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Retailers and Landlords in Canada Rethinking Space Amid COVID-19 Shift: CoStar

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The COVID-19 pandemic with the resulting social distancing measures has had a dramatic impact on Canada’s retail industry creating a number of trends that are accelerating, reversing, or emerging.

Research by CoStar Group Canada said among the accelerating trends is the fact that since the start of the pandemic, more retailers are adopting ecommerce, downsizing to smaller and more efficient space, repurposing mall space for micro-fulfillment, and adding coffee bars or services to maximize their usage.

Additionally, iconic brands are facing hardships while essential retailers are better positioned to thrive. Retail bankruptcies are causing property managers to get creative with their space and repurposing retail space for other uses such as warehouses to support last-mile delivery.

E-COMMERCE IS BOOMING IN THE WAKE OF COVID-19

Roelof van Dijk, Director of Market Analytics, Canada at CoStar Group, said the biggest and most talked about trend these days is the boom in ecommerce as a result of the current pandemic.

“That’s taken off like wildfire,” he said. “It now equates to almost 10 percent of retail sales. The whole point there is when you’re stuck at home and still need to do some shopping that’s the avenue that people have taken. Adoption of that is just speeding up. Now that more and more people have used ecommerce they find they like the convenience.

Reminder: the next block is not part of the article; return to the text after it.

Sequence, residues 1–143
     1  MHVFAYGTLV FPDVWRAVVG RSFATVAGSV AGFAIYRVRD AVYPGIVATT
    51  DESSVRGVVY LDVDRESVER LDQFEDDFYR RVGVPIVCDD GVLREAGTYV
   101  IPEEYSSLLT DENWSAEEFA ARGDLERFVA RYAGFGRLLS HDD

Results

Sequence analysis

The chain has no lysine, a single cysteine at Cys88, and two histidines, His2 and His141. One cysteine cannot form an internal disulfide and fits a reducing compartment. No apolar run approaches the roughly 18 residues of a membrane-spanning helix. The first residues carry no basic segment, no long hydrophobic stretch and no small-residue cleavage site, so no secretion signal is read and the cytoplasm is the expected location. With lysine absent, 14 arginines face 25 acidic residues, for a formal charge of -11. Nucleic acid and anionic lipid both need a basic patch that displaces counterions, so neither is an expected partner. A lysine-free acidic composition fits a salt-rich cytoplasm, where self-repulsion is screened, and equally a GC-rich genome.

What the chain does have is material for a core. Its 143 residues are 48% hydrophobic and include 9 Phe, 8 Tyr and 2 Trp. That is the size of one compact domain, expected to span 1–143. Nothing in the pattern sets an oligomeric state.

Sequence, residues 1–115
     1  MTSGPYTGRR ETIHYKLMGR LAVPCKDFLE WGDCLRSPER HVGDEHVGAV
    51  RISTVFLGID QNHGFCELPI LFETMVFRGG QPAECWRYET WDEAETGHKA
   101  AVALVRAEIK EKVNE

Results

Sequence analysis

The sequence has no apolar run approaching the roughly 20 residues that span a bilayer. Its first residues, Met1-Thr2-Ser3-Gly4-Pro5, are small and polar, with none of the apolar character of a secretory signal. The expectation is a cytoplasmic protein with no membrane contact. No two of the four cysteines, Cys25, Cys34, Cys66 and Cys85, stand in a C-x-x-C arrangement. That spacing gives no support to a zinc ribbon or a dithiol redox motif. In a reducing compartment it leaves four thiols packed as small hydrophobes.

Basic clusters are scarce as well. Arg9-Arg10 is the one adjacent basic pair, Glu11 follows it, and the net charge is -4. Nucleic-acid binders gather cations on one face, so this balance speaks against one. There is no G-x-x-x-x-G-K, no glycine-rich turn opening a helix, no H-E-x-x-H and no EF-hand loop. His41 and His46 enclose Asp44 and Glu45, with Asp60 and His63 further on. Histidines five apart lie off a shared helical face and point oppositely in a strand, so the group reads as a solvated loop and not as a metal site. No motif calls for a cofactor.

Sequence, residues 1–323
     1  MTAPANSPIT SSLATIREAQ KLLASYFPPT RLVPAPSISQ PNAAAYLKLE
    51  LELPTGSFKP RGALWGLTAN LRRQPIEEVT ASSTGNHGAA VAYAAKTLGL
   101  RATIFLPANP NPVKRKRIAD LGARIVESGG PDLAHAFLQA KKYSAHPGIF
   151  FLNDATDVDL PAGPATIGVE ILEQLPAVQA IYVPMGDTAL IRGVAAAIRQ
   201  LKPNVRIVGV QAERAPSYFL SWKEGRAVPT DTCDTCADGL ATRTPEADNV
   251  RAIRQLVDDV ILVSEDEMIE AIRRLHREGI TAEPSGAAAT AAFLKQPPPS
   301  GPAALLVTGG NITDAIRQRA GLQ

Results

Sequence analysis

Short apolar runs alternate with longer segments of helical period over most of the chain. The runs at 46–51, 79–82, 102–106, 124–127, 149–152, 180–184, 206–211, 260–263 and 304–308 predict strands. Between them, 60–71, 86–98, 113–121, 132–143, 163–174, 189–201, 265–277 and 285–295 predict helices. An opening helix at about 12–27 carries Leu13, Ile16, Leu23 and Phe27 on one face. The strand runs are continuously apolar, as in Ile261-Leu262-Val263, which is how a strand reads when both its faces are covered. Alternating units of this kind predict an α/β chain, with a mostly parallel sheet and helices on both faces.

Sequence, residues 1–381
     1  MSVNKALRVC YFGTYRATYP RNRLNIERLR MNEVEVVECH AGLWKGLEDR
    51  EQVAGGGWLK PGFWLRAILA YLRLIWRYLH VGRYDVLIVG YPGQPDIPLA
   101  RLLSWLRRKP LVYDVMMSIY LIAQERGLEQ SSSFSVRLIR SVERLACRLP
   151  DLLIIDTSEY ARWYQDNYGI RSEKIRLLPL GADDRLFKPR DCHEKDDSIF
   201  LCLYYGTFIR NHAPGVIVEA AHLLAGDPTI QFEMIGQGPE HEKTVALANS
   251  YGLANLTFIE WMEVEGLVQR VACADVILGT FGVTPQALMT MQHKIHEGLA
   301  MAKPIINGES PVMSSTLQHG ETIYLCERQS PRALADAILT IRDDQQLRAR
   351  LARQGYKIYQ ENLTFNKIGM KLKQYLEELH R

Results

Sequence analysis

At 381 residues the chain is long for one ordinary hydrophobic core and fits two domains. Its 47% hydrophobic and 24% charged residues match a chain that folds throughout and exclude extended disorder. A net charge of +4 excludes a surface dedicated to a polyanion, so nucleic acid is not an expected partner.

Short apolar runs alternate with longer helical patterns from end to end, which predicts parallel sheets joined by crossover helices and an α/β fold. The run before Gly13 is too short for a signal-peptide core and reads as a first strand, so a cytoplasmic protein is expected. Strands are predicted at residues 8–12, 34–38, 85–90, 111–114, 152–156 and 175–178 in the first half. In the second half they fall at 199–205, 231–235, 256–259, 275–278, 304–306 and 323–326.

“That goes hand in hand with the curbside pickup, the buy online pickup in store situation.”

DOWNSIZING IS BECOMING INCREASINGLY PROMINENT

He said the idea of showrooming and downsizing retail space is likely going to become even more prominent as we go forward.

“As more people adopt the ecommerce online avenue then you don’t need as large of a store to have all the inventory you once needed to have in the store. You can take a lot of that inventory into a more industrial type space if you want to do that,” said van Dijk.

“We’ve heard a lot of discussion about what to do with some of this retail space and we’ve seen some listings come up where they’re actually advertising it as industrial space. There was one that came up in Mississauga, an old Zellers/Target space and it’s part of a mall and it’s being offered as either retail or industrial space and there’s two separate rents depending on what the user decides to use it for.”